Bishop Michael Burbidge expands on the recent restrictions he issued regulating Traditional Latin Mass in the Diocese of Arlington

A Traditional Latin Mass. / Andrew Gardner via Wikimedia (CC BY 4.0).

Bishop Michael Burbidge provided more insight on the restrictions he recently set on the Traditional Latin Mass in the Diocese of Arlington. The additional limits were established when Pope Francis issued liturgical instructions in July 2021.

“I think we accomplished our goals of showing fidelity to the Holy Father, to the Holy See, and [were] also mindful that we are still providing the celebration of this Mass throughout our diocese,” Burbidge said on the diocese’s “Walk Humbly Podcast” on Aug. 10.

The guidelines of Burbidge, effective September 8, let eight parishes to continue serving the Latin Mass. However, only three of these parishes may continue to offer the Extraordinary Form in their main church. The remaining five parishes are only permitted to perform the Latin Mass in other authorised areas.

The regulations of the Vatican prohibit the eight parishes from publishing Latin Mass timings in their newsletters, parish websites, or social media outlets. Priests may continue to celebrate the Mass ad orientem, which involves facing the altar. This is not the situation in the adjacent Washington Archdiocese.

Burbidge understood that his implementation strategy was met with disappointment and opposition. He stated that he is appreciative to the priests of the diocese who have guaranteed him respect and obedience.

Burbidge presented a “respectful challenge as a spiritual father” and said that there are two possible courses of action when one disagrees with a change.

“One is that of anger and writing or calling or emailing without really thinking of the weight of the words that became somewhat hurtful, not only to me but to my staff who had to read such a tone,” he said.

The other path, he added, is to say, “’Wow. The Lord is giving me an opportunity to grow in holiness. Because I am letting go of my will here. I’m trusting that the Lord is at work in his church [and] that the Holy Spirit is guiding his church. It’s not what I would do if I was the pope. It’s not what I would do if I was the bishop. But I’m a faithful follower of Christ. And I trust that he is acting always through his church.’”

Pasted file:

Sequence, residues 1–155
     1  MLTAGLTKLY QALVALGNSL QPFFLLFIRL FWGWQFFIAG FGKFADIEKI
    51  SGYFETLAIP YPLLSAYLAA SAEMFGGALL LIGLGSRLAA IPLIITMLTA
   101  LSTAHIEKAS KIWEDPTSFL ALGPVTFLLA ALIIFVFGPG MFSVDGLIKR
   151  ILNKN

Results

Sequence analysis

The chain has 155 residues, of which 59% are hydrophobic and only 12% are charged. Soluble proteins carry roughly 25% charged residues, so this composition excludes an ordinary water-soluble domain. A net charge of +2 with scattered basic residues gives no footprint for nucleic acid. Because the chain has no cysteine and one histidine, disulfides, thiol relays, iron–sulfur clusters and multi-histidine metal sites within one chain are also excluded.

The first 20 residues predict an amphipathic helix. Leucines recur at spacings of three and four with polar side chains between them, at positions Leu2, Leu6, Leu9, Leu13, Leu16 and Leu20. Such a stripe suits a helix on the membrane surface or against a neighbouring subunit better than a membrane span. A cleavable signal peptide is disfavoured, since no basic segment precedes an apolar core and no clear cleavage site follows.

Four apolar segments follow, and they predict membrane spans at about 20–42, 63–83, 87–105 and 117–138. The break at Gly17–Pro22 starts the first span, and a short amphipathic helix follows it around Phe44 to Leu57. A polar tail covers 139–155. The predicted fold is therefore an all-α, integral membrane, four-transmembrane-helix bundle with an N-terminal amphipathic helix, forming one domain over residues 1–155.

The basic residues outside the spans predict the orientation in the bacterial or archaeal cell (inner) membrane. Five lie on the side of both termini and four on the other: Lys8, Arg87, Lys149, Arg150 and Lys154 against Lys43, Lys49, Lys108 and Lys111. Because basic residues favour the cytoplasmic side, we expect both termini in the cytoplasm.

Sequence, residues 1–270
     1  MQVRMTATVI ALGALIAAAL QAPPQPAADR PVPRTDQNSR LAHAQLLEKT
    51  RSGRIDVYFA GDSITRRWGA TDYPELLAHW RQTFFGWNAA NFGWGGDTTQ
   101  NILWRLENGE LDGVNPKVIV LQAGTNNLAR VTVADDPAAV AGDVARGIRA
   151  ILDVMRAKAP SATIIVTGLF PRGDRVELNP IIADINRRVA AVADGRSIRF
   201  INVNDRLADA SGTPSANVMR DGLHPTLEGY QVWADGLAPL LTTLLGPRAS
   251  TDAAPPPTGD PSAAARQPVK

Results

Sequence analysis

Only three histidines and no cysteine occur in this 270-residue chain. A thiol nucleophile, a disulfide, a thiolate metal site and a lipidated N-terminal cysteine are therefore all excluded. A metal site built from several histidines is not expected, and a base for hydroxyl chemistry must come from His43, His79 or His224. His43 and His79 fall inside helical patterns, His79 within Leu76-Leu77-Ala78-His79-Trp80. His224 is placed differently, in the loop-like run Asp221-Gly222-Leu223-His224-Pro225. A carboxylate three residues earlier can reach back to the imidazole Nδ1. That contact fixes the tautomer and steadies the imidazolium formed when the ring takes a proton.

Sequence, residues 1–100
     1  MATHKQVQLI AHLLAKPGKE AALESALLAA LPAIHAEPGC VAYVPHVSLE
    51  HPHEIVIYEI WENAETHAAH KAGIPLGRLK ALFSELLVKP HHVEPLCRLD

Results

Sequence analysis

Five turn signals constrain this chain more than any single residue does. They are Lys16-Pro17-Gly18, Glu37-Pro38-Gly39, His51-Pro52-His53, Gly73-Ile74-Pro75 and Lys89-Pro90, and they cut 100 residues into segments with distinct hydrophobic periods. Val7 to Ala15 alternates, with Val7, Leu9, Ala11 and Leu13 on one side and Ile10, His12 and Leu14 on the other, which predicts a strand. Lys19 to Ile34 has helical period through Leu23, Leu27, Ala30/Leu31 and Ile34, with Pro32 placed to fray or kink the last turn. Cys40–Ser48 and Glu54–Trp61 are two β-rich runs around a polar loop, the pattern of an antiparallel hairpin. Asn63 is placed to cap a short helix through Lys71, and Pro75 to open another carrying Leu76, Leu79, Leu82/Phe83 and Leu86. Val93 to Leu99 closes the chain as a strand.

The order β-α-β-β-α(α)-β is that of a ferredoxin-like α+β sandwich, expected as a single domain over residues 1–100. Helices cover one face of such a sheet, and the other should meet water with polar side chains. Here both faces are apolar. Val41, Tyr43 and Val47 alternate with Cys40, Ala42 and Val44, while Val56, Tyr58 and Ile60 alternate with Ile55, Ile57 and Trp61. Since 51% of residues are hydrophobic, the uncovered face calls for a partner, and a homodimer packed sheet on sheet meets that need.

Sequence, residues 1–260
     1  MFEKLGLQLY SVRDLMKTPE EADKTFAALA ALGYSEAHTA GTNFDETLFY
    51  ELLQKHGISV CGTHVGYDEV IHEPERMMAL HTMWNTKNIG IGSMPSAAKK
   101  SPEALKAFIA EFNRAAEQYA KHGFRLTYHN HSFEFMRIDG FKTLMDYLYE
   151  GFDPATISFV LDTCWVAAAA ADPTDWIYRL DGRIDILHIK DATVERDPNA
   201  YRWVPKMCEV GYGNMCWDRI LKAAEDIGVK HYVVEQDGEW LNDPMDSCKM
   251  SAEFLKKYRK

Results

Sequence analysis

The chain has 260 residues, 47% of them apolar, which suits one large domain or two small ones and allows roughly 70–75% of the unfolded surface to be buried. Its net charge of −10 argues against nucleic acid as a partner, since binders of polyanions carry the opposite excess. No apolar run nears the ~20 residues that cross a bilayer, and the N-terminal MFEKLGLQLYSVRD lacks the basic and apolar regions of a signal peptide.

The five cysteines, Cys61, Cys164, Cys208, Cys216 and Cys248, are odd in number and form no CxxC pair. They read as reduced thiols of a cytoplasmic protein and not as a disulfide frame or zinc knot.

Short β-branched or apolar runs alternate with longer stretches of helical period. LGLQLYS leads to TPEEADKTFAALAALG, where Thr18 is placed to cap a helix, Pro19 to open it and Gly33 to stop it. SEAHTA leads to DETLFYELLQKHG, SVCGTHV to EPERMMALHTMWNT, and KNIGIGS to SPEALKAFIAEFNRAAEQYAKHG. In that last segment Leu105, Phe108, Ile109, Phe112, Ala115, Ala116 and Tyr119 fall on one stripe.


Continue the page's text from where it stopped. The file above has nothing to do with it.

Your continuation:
He said that the second way leads to peace.

The guidelines are intended to comply with the instructions announced by Pope Francis in his motu proprio Traditionis custodes a little over a year ago, as well as the more precise limits imposed by the Vatican in December.

Few exceptions exist to the Traditionis Custodes norm that bishops must identify non-parish churches in which the Extraordinary Form may be performed. The Holy See’s approval of Burbridge’s proposal to allow three churches to hold the Latin Mass inside the main parish church was described by Burbridge as “very gracious.”

Burbidge said that he planned to choose physically accessible places for the Traditional Latin Mass so that Latin Mass attendees would not be inconvenienced. He said that the diocese is blessed to have priests who are educated in performing the Traditional Latin Mass, and that when help is required to cover Mass periods, these priests will be called upon.

Burbidge said that he hopes the faithful of the diocese realise that the implementation process was not hastened on purpose.

“Don’t forget,” he said, “the motu proprio was a year ago,” adding that the pope’s July 2021 directives were effective immediately and were followed by further guidelines in December.

“So, the Holy See was very patient, I think, with bishops saying, ‘well, we need more time to get a better understanding of the use of the extraordinary form, Traditional Latin Mass, in our diocese to hear from the faithful, to hear from their pastors, to read both documents,” he said.

Burbidge said that his promise of fidelity and loyalty to the Holy Father was “key” when implementing the restrictions, but also mentioned that he prioritized being “mindful of those who find spiritual nourishment in the Traditional Latin Mass.”

In addition, he advised reading the motu proprio, Traditionis Custodes, the December instruction, and Desiderio Desideravi, Pope Francis’ most recent apostolic letter on the liturgical formation of the people of God.

Arlington is the most recent diocese to apply Traditionis Custodes, according to reports. The Diocese of Savannah, the Archdiocese of Chicago, and the Archdiocese of Washington are examples of other dioceses and archdioceses that have recently done so.

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